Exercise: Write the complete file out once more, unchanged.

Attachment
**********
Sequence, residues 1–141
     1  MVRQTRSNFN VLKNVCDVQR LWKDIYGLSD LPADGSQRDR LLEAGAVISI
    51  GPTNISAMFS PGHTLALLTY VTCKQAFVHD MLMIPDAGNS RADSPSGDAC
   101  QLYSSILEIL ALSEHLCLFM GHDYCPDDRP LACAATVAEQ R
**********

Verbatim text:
Sequence, residues 1–141
     1  MVRQTRSNFN VLKNVCDVQR LWKDIYGLSD LPADGSQRDR LLEAGAVISI
    51  GPTNISAMFS PGHTLALLTY VTCKQAFVHD MLMIPDAGNS RADSPSGDAC
   101  QLYSSILEIL ALSEHLCLFM GHDYCPDDRP LACAATVAEQ R